Carer Support – there’s more to it than you might know……

What started off as a post about carer support groups and resources unearthed a slightly unwieldy amount of local, state and national information. There is more to carer support than I knew…..

Carer Support

At grass root level there is my Council Carers Group – it meets every Wednesday in a local Municipal Council room. There is a program of speakers, in March there was a Solicitor addressing Power of Guardianship and changes to the Power of Attorney Act. Two weeks later there was a Traditional Chinese Medicine Teacher delivering Relaxation and Meditation.

The April Council Carers Group schedule has an ehealth Support Officer from Medicare Local talking about ‘How ehealth can help you as a Carer.’ On 23rd April a Loss and Grief Counselor is discussing ‘Compassion Fatigue and strategies to help you cope.‘ Wednesday 30th a full day bus trip is offered! With April concluded by AlzheimersNSW addressing ‘The emotional impact of caring and looking after yourself.‘   The Wednesday meetings in-between speakers are for more relaxed discussions between locals led by the Council Carers/ Volunteers Co-ordinator. This is a fabulous initiative, attended by a variety of individuals with a wealth of knowledge to share over a cuppa.

My local Council Co-ordinator gave me an Australian Government Initiative Carers Relaxation CD. I popped the disc into my player; to appraise its benefits. The CD cover introduces relaxation; “making time can have the following benefits:”

  • relaxes muscles
  • reduces high blood pressure
  • helps vital organs work better
  • improves resistance to viruses and disease
  • reduces pain
  • helps think more clearly
  • releases tension
  • increases energy
  • improves your ability to cope
  • improves sleep

What else can I do?” The CD cover asks, “try this checklist to see how well you are taking care of yourself,” it suggests:

  • Do you have someone to talk to about feelings?
  • Are you trying to get some regular exercise?
  • Are you trying to get enough rest and sleep?
  • Are you eating regular meals?
  • Do you get a break from caring?
  • Have you got some regular times for relaxation?

“What if I’m not coping?” The CD cover informs me: “Most carers have times when they feel overwhelmed and unable to cope – you can contact your Commonwealth Carer Resource Centre” on 1800 242 636, they have  65 ‘walk-in’ shopfronts throughout Australia. See here for more information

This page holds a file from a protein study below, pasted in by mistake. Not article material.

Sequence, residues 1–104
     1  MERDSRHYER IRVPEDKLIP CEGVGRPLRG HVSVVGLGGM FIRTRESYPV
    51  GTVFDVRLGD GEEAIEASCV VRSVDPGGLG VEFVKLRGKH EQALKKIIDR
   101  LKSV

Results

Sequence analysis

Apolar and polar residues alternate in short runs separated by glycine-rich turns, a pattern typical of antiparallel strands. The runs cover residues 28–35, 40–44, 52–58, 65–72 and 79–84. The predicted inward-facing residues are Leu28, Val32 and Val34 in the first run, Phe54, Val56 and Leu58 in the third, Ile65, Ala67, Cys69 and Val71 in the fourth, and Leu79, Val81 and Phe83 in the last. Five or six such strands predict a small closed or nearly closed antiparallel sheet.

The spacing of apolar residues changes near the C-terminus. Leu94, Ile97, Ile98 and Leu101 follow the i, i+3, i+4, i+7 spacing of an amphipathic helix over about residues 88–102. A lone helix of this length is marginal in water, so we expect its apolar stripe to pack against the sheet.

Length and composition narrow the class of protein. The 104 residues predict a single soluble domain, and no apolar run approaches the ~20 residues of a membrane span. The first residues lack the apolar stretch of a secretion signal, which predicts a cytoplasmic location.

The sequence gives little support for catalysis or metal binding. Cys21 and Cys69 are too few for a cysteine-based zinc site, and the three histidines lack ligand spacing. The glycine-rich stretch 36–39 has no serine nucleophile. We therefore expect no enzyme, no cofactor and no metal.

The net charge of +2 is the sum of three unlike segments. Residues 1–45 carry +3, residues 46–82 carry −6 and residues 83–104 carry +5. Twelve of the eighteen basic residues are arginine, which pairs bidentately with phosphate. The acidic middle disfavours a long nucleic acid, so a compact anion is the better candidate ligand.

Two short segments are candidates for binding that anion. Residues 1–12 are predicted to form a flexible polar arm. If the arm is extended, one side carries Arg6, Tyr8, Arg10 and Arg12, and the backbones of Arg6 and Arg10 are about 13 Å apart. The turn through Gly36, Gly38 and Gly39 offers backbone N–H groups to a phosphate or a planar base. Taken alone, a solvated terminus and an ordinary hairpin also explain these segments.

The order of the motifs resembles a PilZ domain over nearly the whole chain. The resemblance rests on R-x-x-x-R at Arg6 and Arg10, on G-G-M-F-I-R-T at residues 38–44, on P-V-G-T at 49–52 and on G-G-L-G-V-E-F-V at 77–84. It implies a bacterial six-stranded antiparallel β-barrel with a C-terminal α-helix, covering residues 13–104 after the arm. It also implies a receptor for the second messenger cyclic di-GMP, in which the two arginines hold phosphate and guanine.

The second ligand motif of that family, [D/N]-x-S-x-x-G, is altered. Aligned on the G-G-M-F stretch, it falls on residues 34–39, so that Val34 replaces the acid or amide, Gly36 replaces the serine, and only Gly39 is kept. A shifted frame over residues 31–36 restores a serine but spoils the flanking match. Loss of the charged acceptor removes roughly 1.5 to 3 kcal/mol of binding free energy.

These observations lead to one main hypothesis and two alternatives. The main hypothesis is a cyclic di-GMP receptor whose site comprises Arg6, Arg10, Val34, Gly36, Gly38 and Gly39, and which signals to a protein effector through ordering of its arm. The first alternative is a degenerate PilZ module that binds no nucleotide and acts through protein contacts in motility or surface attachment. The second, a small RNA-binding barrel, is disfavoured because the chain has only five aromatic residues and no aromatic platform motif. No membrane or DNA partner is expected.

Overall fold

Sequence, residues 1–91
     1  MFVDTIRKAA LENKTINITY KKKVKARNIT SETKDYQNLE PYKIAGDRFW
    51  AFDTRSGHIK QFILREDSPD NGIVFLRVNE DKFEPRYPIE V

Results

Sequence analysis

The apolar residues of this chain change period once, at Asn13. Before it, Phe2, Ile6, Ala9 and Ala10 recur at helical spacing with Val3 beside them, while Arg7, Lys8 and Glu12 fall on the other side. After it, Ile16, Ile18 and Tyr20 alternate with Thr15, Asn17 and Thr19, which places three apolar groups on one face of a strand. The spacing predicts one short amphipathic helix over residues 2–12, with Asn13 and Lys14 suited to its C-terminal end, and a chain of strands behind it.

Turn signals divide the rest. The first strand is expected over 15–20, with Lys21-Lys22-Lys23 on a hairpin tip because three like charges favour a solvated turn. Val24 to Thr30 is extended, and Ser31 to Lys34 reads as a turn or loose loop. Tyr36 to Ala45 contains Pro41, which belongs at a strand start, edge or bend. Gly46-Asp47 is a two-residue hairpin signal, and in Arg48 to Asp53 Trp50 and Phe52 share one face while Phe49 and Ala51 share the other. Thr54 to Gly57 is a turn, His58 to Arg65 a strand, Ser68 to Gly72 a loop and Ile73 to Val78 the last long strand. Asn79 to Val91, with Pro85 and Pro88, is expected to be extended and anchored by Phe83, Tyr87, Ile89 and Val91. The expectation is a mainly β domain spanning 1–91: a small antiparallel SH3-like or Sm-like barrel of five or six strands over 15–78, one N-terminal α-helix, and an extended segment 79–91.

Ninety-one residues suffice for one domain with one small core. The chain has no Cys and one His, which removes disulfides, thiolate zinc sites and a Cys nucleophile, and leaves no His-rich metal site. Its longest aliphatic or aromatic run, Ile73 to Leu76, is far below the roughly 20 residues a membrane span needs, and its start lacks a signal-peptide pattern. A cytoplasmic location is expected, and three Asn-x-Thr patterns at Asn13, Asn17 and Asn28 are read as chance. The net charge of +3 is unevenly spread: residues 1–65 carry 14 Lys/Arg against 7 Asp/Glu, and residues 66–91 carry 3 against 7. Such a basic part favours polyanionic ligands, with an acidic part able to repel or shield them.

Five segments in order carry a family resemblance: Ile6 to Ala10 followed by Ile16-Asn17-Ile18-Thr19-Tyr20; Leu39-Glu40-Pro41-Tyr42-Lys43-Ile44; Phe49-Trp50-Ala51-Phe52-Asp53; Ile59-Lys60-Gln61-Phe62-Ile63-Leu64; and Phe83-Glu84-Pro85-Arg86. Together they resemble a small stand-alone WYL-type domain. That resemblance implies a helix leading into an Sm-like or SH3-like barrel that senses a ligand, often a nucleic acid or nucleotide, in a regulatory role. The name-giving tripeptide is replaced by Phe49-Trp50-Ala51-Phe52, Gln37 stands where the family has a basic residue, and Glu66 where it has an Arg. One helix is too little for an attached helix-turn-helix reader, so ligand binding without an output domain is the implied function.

An expansive level of support comes from the Northern Sydney Carer Support Service. Their leaflet made me aware of a variety of agencies, the services are wide-ranging and complex including:

  • Carer Support Service Northern Sydney Local Health District  – 9462 9488            See here
  • Aged Care Assessment Teams (ACAT)
  • Commonwealth Respite and Carelink Centres – 1800 052 222 – See here
  • Carers Australia  – NSW  – 1800 242 636 – See here 
  • Centrelink  – 13 27 17
  • Carers of people with Disability ADHC – 9407 9650
  • Carers of people with Dementia – The National Dementia Helpline -1800 100 500
  • Mental Health Helpline  – 1800 011 511
  • Continence Helpline – 1800 330 066
  • Lifeline – 13 11 14

These agencies are usually approached when carers have issues or a problem that requires a solution, I’m aware that planning ahead can be beneficial in some circumstances, talking to staff outside a crisis may be prudent?

As I delved further into the www of carer support information I became aware that there is an effected philosophy that encircles carers and an established NSW Carers Charter for guidance. There is a Carers (Recognition) Act 2010 and a National Carer Strategy.

  • The Carers (Recognition) Act 2010 – See here
  • The NSW Carers Charter – See here
  • The National Carer Strategy through the Care Aware website – See here .
  • Support for carers in NSW – See here.

The NSW Government’s intention is to develop a Carers Strategy to make a practical difference to carers; to improve their lives. Carers incorporate a variety of individuals from all backgrounds, religions, cultures and ability (financial and physical), so It is imperative that carers are consulted in the collaborative process used to develop state and federal strategy. Facilitation of carer awareness in the community and society, recognition of the unpaid work that supports people with disabilities, and furthering the realization that the well-being of carers is interconnected with the well-being of the person they care for is essential. Facilitating change for the better takes time and energy but without carers view-points or opinions the future may be negotiated without us?

The question I ask is where do I fit in this big picture? Am I supported through my local Council Carers Group, am I interested in volunteering for the Carers Advisory Council? Where are you in this framework? What do you need? What can you contribute?  It’s an ever revolving, evolving framework but better to be fully aware and have the choice to be involved.

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